As at the time this piece was submitted, it was not certain which between yesterday Friday April 21, 2023 and today, Saturday April 22, 2023 would be declared as the first day of Shawwal to mark the end of the scared month of Ramadan. In any case, whether Sallah was yesterday or today, Muslims are celebrating the peaceful end of the holy season of Ramadan.
Believing that we have given out the Zakatul-fitr enjoined on us by Islam at the end of Ramadan, it is important to remind ourselves that the successful completion of the Ramadan fast is tied to the payment of Zakatul-fitr. Anas bn Malik (RA) reports that the Prophet (SAW) said: “The Ramadan fast of believing servants of Allah (SWT) would hang between the heavens and the earth until he pays the Zakatul-fitr. When he gives it out, Allah (SWT) would grant it two wings to fly to the seventh sky where it would remain until the owner comes for it.”
Zakatul-fitr is a Sunnah that is compulsory on every Muslim, young and old, male and female, free-born as well as slave. The Zakatul-fitr of every Muslim is to be given out by the person responsible for his/her sustenance. If, for reasons of poverty a Muslim were unable to pay the Zakatul-fitr before leaving his house for the Eid prayers, he would still give it out anytime he is able to afford it. Zakatul-fitr has no waiver or substitute. It is obligatory on every Muslim.
Nonetheless, the end of Ramadan fast should not mean an end to all the righteous acts we put forth in the past one month. Let us be sincere in our faith by resolving to continue with all the virtuous deeds we carried out during Ramadan. Let us also vow to continue to eschew every evil act we avoided during Ramadan. Eidul-Fitr should not be seen as an occasion for us to go back to our old sinful life of envy, mischief, betrayal, telling lies, backbiting, cheating, forgery, etc. Resuming this kind of unholy life only makes us hypocrites.
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Given the hard economic situation in the country, this column appeals to custodians of the home-fronts to understand with their husbands where funds were not provided for the usual Sallah dresses or meals. Let us come to terms with the realities of our time. Let us not allow needless materialism to ruin the pleasurable ambiance that comes along with the Eid period. Against the wishes of the country’s battered economy, let us wear smiles on our faces. The Eid is a time for celebrating the favours of Allah (SWT). Even if it were not possible for us to take pap on the Eid day, there are several reasons for which we must give thanks to Allah. We should give gratitude to Allah that we are not on a hospital bed, in a kidnapper’s den, or in an Internally Displaced Persons (IDP) camp.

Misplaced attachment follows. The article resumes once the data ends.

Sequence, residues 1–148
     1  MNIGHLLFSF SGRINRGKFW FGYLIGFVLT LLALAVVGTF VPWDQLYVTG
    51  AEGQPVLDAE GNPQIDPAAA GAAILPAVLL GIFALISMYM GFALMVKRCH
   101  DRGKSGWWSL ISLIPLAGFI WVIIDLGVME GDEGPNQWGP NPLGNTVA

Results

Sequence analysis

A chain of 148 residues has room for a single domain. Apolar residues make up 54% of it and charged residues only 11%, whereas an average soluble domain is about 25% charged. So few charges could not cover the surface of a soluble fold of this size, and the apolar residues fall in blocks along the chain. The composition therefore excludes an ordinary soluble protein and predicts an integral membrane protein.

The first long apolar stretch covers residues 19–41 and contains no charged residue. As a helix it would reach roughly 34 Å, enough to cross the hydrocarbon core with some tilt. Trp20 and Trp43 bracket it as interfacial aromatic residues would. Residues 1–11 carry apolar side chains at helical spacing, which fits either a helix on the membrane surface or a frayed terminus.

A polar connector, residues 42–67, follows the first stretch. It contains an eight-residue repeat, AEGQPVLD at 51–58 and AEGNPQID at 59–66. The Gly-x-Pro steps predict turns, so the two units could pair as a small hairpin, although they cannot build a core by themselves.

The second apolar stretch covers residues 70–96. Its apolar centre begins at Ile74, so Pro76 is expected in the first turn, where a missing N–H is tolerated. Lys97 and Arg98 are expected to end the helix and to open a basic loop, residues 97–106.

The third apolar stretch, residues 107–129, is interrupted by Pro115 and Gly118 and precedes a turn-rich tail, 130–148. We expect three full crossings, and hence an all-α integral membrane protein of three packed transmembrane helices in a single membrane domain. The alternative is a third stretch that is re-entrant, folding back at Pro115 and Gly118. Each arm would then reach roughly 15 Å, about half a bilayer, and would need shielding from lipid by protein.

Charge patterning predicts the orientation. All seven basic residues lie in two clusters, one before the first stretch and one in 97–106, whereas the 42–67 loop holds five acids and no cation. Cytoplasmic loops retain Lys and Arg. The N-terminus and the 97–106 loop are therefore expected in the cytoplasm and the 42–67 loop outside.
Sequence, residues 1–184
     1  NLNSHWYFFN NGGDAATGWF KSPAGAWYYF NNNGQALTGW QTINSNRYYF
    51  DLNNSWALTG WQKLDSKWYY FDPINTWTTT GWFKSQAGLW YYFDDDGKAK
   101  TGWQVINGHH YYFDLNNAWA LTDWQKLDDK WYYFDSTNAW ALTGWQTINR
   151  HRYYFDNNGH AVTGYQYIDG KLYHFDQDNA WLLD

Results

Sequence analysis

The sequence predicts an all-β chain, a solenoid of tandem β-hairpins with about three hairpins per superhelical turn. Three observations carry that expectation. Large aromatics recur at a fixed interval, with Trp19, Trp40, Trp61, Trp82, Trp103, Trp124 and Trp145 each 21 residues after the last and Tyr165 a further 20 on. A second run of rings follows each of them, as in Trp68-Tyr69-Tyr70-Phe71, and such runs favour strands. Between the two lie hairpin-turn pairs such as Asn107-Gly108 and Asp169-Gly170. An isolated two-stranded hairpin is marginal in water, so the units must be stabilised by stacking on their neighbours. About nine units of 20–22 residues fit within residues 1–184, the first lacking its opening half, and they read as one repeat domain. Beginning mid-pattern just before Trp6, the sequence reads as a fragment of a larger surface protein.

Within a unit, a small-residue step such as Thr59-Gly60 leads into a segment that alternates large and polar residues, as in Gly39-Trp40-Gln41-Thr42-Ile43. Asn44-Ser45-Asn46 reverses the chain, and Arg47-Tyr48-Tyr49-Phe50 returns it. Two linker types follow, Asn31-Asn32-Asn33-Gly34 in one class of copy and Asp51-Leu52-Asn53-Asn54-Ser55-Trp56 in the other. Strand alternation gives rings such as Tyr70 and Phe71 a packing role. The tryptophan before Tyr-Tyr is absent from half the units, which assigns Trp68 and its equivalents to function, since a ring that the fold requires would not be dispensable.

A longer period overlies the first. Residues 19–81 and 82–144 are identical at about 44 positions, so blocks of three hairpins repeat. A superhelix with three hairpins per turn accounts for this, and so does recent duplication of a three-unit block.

The Eid (or Sallah) is a period for us to reflect on the essence of life. If anyone doubts the vulnerability of this temporal world, let him ask after Prophet Sulaiman (AS) and the efficacies of his commands over mankind and Jinn. Today, Prophet Sulaiman (AS) is no more. Where is Dhul-Qarnayn; a man who had everything called wealth on earth? Today, he is no more. Ask of Namruzu bn Kan’an (upon whom is Allah’s curse) who was so strong and influential that he became the first “heartless oppressor” on earth. Today, he is no more. Where also are the companions of the Prophet (SAW) some of whom were granted special ‘tickets to Heaven’ here on earth? Yet, they are not here today. If you are still in doubts about how futile and vain this world is, ask yourself about your own great grandparents. Where are they?
The message of this column on the occasion of this year’s Eidul-fitr is for believer to put Allah (SWT) first in whatever they do or say irrespective of time, place and circumstance. Whether as scholars or followers, let us strive to be guided by the principles of our religion. Let our words and actions be guided by Qur’an and sunnah of the Prophet (SAW) to enable us to overcome sentiments. Let us allow our conscience to keep a close watch over our reason when we subject our reason to the interrogation of conscience.
We encourage believers, after they might have taken some rest from the sleepless nights they spent in devotion during the last ten days of Ramadan, to observe six days of voluntary fast in the Islamic lunar month of Shawwal. The observance of the six days of fasting in Shawwal is not compulsory. As a prophetic practice, Muslims are only encouraged to observe it. The six days of voluntary fast (otherwise called Sittu Shawwal in Islamic literature) can be observed consecutively or intermittently, as may be convenient for an individual. Imam Muslim (RA) reports on the authority of Abu Ayyub that the Prophet (SAW) said “…Whoever follows Ramadan (fast) with six days of (of fasting) in Shawwal would be as if he had fasted a whole year”.
While we pray that Allah (SWT) forgives our sins and accepts all our acts of devoution in the just ended Ramadan, we also pray that He counts us among His distinguished servants in the same way He (SWT) singled out Prophet Muhammad (SAW) amongt prophets, Qur’an among books, Ka’bah among Houses, Ramadan among months, Lailat ul Qadr among nights and Friday among days. May Allah (SWT) accept our Ramadan fast and all the acts of worship we put forth in this holy month of Ramadan, amin.
Barka da Sallah!